Kim Stanley Robinson's epic Mars trilogy proceeds with new characters and familiar ones. Robinson is now comfortable in his role as planetary surveyor and scribe; his scientific capacity and artistic bravery are equal to his first volume, Red Mars. New readers are introduced to those remaining from the original 100 settlers to Mars, and are given the opportunity to explore the red planet from pole to pole. Those familiar with the exploits of Maya, Sax, Ann, Nadia, and Coyote will be delighted to see the evolving planet through their friends' eyes for a few thousand more miles of adventure and another generation of time.
Mars has experienced its first revolution and its people are now recovering and reorganizing. Several political factions exist: the Reds, those committed to the maintenance of Mars in its primal state, even if that means the expulsion of humans (the Reds were responsible for one wave of the revolution); then there are the Greens, those dedicated to terraformation and viriditas, life's natural pattern of growth and complexity... this group was driven south and underground, and here we find most of the original 100 settlers; next are the Transnationals, the Terran corporations that have spread to Mars (who unleashed a majority of the destruction during the revolution); finally, there are waves of Emigrants who simply have no room left on Earth, or wish to start a new life and family on Mars. Robinson's grasp of the political climate is impressive, as he juggles so many realistic and human motivations. With patience, you will discover the leaders and beliefs of all major groups (a welcome shift from sci-fi's traditional cardboard political cutouts).
But it's still a small world, the population split into only a handful of communities, and the potential as great as ever.
Read more ›
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17 of 19 people found the following review helpful By Douglas A. Greenberg VINE VOICE on July 7, 1998
Format: Mass Market Paperback Verified Purchase
The first book in this trilogy, *Red Mars*, is a brilliant tale of interplanetary exploration and colonization, rife with human drama and supported by a plot that rings true as a very likely "future history." The sequel, however, is less satisfying. After an enticing first hundred pages in which new characters, developments, and plot possibilities are introduced, the story bogs down and much of the middle portion of the book is devoted to ENDLESS "description" of what Mr. Robinson believes Mars might look like at particular stages of its future "terraformed" mutilation by human beings. I applaud Robinson's desire to make the Martian landscapes real to the reader, but he should know that past a certain point, people become saturated with endless descriptions of physical terrain. After reading page after page of these descriptions, my eyes finally began to glaze over. The final portion of the book is much more satisfying, as the second part of the story, involving political intrigue and various clashes of personalities, comes to an exciting climax. Robinson once again impresses in terms of his knowledge of the sciences and his ability to bring this knowledge to bear in his writing. In fact, one of the key developments in the plot (those who have not read the book, avert your eyes here!)involves the catastropic melting of part of the Antarctic ice sheet, an eventuality that leads to rising sea levels of political upheaval worldwide. This very possibility has recently received significant press coverage. Kudos to Robinson for weaving future disaster scenarios that seem maximally plausible. Overall, however, I think that the book could easily have been a hundred pages shorter without any loss of impact.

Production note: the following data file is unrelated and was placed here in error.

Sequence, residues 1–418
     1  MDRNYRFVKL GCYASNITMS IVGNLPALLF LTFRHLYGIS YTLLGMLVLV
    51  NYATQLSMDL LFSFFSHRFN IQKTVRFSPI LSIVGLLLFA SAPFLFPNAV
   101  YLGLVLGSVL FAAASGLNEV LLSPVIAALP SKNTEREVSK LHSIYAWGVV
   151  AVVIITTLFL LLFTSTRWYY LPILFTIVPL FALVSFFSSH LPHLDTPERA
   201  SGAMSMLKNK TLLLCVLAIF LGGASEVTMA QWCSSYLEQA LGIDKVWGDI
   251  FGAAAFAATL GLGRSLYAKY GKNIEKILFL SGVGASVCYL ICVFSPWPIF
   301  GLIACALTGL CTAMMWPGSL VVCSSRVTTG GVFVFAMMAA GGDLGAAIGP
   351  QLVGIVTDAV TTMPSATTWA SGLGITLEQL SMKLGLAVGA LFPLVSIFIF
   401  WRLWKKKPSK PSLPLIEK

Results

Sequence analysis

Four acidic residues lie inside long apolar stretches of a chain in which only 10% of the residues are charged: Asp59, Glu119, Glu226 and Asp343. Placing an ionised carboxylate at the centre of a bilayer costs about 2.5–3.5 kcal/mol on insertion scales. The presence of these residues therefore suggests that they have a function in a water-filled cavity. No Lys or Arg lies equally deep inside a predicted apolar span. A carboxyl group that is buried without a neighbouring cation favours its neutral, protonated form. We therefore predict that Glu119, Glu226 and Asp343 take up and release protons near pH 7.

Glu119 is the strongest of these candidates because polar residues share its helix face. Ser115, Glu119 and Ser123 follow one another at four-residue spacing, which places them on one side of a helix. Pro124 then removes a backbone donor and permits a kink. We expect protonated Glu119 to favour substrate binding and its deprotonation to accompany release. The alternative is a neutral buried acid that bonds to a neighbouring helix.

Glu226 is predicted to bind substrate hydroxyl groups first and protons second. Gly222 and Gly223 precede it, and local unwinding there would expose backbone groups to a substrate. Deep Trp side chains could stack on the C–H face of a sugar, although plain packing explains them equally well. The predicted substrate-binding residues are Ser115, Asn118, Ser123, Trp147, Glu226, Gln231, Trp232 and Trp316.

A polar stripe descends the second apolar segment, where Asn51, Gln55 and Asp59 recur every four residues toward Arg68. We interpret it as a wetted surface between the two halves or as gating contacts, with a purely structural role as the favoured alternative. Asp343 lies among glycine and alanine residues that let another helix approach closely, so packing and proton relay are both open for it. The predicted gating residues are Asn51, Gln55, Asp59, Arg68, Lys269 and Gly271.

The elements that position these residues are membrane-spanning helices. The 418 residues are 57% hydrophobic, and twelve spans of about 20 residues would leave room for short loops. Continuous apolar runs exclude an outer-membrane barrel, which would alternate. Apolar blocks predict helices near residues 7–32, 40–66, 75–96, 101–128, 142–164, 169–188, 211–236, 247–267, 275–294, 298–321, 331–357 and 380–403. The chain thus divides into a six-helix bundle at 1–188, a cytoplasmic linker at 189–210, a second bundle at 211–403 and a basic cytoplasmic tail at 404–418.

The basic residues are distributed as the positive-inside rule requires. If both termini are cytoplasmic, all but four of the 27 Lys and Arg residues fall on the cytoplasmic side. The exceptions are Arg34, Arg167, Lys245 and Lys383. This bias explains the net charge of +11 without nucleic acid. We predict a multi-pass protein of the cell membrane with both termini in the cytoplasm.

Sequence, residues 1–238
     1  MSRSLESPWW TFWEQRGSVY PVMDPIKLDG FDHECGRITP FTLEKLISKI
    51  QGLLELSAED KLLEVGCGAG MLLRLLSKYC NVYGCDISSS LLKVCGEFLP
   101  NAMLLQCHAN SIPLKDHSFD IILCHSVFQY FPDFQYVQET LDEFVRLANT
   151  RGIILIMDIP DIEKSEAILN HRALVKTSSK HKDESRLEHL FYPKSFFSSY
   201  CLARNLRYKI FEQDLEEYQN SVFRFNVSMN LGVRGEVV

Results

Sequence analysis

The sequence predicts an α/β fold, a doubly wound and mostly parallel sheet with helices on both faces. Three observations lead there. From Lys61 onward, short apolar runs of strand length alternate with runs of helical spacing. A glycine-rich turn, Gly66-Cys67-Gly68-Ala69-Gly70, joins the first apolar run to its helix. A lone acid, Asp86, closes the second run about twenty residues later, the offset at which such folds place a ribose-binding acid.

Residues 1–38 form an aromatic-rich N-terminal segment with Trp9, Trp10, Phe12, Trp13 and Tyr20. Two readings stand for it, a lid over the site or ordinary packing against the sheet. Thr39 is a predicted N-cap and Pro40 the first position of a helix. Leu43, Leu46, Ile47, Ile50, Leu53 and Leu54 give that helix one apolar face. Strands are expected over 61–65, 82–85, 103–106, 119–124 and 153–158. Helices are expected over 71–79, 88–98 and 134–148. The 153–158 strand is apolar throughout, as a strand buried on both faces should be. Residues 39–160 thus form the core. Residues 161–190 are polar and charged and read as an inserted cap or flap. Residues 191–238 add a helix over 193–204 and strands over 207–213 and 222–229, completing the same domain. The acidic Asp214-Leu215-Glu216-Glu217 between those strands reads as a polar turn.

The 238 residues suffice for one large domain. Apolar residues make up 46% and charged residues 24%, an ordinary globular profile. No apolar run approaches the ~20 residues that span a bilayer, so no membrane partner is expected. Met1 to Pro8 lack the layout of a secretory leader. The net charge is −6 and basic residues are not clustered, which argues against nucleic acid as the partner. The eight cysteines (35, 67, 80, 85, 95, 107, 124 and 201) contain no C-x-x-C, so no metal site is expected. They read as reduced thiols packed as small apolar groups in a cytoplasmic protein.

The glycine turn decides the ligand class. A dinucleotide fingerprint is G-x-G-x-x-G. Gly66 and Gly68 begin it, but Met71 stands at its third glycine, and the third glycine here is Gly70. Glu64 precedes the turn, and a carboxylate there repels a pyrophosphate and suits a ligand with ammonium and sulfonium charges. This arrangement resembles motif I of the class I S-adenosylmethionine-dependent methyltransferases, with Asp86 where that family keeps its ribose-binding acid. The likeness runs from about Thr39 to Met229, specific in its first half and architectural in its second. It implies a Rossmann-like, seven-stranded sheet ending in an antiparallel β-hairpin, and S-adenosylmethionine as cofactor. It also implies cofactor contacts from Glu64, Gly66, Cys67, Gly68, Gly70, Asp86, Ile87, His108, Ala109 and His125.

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10 of 11 people found the following review helpful By Dave Deubler on July 7, 2002
Format: Mass Market Paperback
Using Heinlein's classic The Moon is a Harsh Mistress as a blueprint, Robinson tries to portray a second Martian revolution in this sequel to his brilliant novel, Red Mars. Disappointingly, this volume is almost completely consumed by character and setting, perhaps trying to make up for the shortage of action, which doesn't really take off until the last few dozen pages. Admittedly, the crisply drawn characters and realistically invoked Martian landscapes were perhaps the best parts of the earlier book, but readers may remember that some of the best characters from Red Mars were killed off, and the new characters introduced are remarkably wooden and dull, while their contributions to the plot are so negligible that one suspects they were added merely as padding, and not because they needed to be there. As a result, this novel takes forever to get moving - the first 470 pages could easily be cut to a quarter of that length without any harm to the story whatever. In Red Mars the interior monologues informed the readers of the action taking place as well as providing intimate portraits of the men and women who colonized the planet. In this installment the monologues seem more like vague ruminations that don't move the plot at all (the first sentence of this review tells you more about the plot than the first couple of hundred pages of this tome), nor do they tell us anything terribly interesting about the characters, let alone make us like them. Robinson clearly had enough material here for a very short novel, and filled it out with the same techniques that worked so well for him in Red Mars, but by keeping the plot effectively a secret from his readers, he leaves us with nothing to do but admire the scenery and listen to some fairly unpleasant (even fanatical) people. While not exactly a bad book, it's a serious letdown from the majesty of Red Mars.